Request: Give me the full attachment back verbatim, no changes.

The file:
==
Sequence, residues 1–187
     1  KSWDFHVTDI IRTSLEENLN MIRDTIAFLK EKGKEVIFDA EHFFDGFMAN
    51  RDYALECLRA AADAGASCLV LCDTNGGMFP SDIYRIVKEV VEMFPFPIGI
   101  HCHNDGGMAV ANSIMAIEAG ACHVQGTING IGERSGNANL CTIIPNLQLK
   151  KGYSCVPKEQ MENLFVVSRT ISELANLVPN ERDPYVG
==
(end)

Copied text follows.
Sequence, residues 1–187
     1  KSWDFHVTDI IRTSLEENLN MIRDTIAFLK EKGKEVIFDA EHFFDGFMAN
    51  RDYALECLRA AADAGASCLV LCDTNGGMFP SDIYRIVKEV VEMFPFPIGI
   101  HCHNDGGMAV ANSIMAIEAG ACHVQGTING IGERSGNANL CTIIPNLQLK
   151  KGYSCVPKEQ MENLFVVSRT ISELANLVPN ERDPYVG